In todays move to disk based backups, we often forget the old days of tape when you had monthly archives off to tape that some people kept for a VERY long time. Today, so many vendors and resellers focus exclusively on backing up JUST so that you can recover the business in a DR scenario. As such we focus more on the recovery process than the longer term archival process. Herein lies a problem. What happens if corruption of your data goes unnoticed for some time? What happens if you do not keep regular archive only backups?
Well in the last few weeks I’ve hit just that problem myself. Below you see a photo from a kitchen renovation I did for my parents back in January of 2002. I was digging for these to compare to now for my parents and discovered the corruption. Once I found this one, I then dug deeper into it and found to my increasing horror that every single image I’ve taken from 1997 through to August 2007 – thats 10 years of memories, was similarly corrupted.
You can bet that I was not happy. I was feeling so sick at the loss of all these memories, i cried because it was not Mum’s kitchen I was worried about, it was the family photos that are no longer stored as negatives or printed pictures in a photo album or in a box in the attic… it was those memories that I had lost.
Did I have backups – sure – I had backups of this server done on a regular basis to account for a failure of the hard drives and so on. Did I have archival backups over the last 10 years??? umm – NO!!! Over the last 10 years these photos have been stored on a number of different servers and more recently they were on my old Windows Home Server and I know that there had been at least one disk failure on that box, but Windows Home Server had said it had rebuilt the lost data. I checked some recent photos after that and they were fine.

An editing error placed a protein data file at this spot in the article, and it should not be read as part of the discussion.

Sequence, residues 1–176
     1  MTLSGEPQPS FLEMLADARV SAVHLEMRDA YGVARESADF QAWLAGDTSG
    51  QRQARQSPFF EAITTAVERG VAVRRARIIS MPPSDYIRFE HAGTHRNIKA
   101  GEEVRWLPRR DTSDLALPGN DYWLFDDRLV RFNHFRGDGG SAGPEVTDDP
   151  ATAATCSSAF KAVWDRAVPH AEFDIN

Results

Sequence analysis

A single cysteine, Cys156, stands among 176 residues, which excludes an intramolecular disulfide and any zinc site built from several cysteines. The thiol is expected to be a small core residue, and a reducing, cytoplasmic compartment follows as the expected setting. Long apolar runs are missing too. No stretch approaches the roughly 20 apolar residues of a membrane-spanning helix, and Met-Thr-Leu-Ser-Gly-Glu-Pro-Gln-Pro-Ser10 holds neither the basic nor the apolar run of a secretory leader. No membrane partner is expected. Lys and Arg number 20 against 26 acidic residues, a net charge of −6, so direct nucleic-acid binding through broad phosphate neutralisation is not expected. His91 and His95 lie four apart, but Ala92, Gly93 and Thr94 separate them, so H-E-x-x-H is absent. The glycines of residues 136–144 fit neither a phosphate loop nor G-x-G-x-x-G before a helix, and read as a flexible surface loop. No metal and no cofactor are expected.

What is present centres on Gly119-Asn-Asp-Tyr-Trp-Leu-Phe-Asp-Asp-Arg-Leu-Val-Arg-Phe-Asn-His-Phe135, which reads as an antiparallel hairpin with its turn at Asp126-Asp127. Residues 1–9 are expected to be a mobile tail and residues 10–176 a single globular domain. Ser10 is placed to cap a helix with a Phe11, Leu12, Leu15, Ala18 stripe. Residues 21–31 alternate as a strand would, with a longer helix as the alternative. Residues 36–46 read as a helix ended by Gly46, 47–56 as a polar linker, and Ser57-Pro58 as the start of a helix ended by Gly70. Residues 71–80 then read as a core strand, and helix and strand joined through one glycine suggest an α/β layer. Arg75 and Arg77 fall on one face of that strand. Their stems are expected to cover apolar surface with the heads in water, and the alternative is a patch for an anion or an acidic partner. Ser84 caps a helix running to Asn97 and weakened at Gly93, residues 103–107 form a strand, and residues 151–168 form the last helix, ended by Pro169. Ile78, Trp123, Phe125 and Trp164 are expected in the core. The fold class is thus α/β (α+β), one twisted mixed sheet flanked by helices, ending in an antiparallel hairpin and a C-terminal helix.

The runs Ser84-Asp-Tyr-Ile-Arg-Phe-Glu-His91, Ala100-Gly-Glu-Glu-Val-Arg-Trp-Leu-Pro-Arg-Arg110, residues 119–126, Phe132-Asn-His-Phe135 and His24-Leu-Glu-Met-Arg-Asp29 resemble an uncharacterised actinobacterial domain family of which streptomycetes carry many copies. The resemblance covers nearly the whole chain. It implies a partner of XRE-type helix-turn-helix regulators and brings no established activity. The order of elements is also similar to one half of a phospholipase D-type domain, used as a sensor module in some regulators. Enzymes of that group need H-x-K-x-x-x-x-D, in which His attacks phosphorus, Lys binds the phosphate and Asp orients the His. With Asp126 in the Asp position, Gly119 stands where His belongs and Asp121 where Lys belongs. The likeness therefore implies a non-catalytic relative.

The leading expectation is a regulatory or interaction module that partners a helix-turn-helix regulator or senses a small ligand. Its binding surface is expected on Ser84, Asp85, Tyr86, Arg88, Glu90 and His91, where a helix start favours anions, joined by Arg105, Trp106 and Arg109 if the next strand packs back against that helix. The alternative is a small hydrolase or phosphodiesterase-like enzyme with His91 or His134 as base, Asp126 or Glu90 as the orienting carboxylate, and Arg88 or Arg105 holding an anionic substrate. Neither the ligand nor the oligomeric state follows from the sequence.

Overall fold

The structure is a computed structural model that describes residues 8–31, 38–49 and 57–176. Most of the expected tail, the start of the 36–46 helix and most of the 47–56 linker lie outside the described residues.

So last night I was talking to a friend about the loss of these memories (thanks Meredith) and she just said… “surely you have older backups somewhere…”. That tripped a memory that maybe I had some old hard drives that I’d used to do the backup. I did some digging into a box of old hard drives and found one from 2009 that I had put aside because the data was too big to fit onto it. I then found all my photos were in fact intact on that backup.. you should have heard the screams of joy.
Recovery from that point was fast and now my data is once again intact. As you can see below the original image is once again complete as are the family memories that are so precious to me and my family.
I believe that the corruption was more likely a result of a Windows Home Server bug from the DriveExtender technology in the original version more so than a failed disk drive as from what I can see the problems occurred when I copied all these image over to a NEW Windows Home Server that I had built BEFORE I had it patched correctly to resolve that known issue. This also reinforces the point of checking and double checking that you have things setup correctly before putting critical information at risk (yes I know I should have my computer license stripped from me)
Ok – all of this has made me think even more seriously about archival backups and how you do them. I’m looking at options that will help me survive things as we move forward into the future. I’m considering both online and offline backups. What do you use and why?